The permanent secretary of Northern Ireland’s Department of Agriculture, Environment and Rural Affairs has sought permission for the devolved administration to be covered by the new environmental governance body being created for when the United Kingdom leaves the European Union.
However, the chair of Westminster's Environmental Audit Committee has warned the move risks creating anomalies for policing clean-air standards and other environment-related legislation across whole of the United Kingdom.
UK environment secretary Michael Gove last year announced the creation of the Office for Environmental Protection to hold government and public bodies to account after Brexit, replacing the oversight of the European Commission. As a devolved administration, Northern Ireland would have been free to make its own arrangements for environmental protection.
But Northern Ireland's Department of Agriculture, Environment and Rural Affairs perm sec Dr Denis McMahon said that the two-year absence of a sitting assembly or executive in the devolved administration made it impossible to address legislative gaps in its environmental-protection governance arrangements that Brexit will create.
McMahon told Westminster’s Environmental Audit Committee that he had asked Gove to extend the provision of the draft Environment (Principles and Governance) Bill to cover Northern Ireland so that the region would have greater environmental protection under the OEP post-Brexit. He added that Gove had “responded signalling his agreement”.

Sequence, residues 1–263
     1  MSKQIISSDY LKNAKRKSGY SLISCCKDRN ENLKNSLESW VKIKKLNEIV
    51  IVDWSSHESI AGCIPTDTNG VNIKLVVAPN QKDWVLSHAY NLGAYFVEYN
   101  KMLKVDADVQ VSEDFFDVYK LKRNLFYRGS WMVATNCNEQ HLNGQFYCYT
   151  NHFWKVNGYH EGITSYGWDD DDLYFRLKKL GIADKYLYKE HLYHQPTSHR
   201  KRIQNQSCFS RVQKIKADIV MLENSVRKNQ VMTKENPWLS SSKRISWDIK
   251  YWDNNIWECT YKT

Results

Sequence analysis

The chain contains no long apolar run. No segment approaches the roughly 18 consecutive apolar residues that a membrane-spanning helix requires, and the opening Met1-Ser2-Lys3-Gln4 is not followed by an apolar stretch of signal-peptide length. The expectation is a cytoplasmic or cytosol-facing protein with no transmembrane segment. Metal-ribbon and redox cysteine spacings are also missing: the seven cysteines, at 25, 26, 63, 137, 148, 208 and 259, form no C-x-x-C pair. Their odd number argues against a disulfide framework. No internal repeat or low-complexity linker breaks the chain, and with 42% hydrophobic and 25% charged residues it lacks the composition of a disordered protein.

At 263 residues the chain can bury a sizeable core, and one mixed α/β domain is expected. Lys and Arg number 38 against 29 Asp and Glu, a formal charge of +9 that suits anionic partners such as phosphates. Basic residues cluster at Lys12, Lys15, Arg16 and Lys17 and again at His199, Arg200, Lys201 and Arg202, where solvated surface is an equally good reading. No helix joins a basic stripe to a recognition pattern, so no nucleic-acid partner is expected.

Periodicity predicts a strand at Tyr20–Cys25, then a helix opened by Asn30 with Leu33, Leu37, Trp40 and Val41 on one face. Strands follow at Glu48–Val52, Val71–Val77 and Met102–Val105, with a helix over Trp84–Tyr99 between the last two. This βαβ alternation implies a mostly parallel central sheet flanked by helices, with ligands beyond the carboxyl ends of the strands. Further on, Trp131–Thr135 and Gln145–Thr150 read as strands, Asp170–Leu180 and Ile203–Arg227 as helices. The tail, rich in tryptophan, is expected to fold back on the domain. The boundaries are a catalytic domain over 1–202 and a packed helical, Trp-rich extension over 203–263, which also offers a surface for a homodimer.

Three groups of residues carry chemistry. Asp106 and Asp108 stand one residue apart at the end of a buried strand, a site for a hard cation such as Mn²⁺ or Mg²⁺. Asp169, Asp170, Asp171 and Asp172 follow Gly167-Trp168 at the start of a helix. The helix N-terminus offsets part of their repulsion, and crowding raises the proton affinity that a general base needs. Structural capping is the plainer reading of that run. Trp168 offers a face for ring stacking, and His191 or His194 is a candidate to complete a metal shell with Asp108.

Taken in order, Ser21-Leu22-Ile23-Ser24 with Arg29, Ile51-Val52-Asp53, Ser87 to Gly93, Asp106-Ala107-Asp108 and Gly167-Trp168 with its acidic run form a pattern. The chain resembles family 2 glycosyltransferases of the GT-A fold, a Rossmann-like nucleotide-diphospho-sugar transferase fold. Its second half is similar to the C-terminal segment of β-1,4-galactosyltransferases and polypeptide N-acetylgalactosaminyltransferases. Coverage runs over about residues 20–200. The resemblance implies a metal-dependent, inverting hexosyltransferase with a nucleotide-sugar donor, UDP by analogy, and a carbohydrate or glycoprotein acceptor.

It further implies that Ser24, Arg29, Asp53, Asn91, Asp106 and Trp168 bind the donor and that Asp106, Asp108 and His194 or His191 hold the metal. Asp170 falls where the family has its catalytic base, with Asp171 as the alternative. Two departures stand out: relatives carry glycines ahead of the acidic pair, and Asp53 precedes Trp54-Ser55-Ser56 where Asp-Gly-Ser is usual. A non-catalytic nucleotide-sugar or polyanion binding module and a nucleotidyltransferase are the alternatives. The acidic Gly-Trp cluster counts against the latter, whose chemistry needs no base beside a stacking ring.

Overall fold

After a period when officials in Northern Ireland have come under increased scrutiny – and court challenge – over the legal exercise of their powers in the absence of an executive, McMahon said strengthened powers for officials introduced last year supported the environmental move.
“Officials have undertaken the considerations required by the [Northern Ireland (Executive Formation and Exercise of Functions) Act 2018] and the Secretary of State for Northern Ireland’s guidance issued under the Act and concluded that it is in the public interest to ask for the Bill’s extension to NI,” he wrote in a letter to Mary Creagh.
“In reaching this conclusion we have noted the [Environmental Audit] Committee’s own recommendation that the Office for Environmental Protection should have a UK-wide remit and concerns that the inability to address gaps in environmental governance will result in Northern Ireland having less effective environmental protection after leaving the EU.”
Creagh said Gove’s apparent decision to extend the OEP’s remit to Northern Ireland had “ramifications” for the whole of the UK.
“It creates an anomaly for Scotland in terms of animal and plant protection and highlights the importance of our recommendations that the Office for Environmental Protection must be co-designed and co-owned by all the nations of the UK in order to be more resilient, independent and effective,” she said.
“It also raises questions about whether the application of the Environment Bill to Northern Ireland will necessitate the rest of the UK maintaining regulatory alignment with the European Union under the Irish Backstop, effectively requiring the whole of the UK to stay within a customs union and single market.”